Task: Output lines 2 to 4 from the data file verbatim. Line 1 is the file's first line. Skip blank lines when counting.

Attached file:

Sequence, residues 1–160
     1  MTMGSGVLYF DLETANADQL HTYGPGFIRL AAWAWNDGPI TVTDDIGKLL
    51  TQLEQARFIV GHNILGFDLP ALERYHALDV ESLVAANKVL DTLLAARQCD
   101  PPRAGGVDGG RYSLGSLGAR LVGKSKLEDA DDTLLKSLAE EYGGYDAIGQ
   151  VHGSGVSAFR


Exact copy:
     1  MTMGSGVLYF DLETANADQL HTYGPGFIRL AAWAWNDGPI TVTDDIGKLL
    51  TQLEQARFIV GHNILGFDLP ALERYHALDV ESLVAANKVL DTLLAARQCD
   101  PPRAGGVDGG RYSLGSLGAR LVGKSKLEDA DDTLLKSLAE EYGGYDAIGQ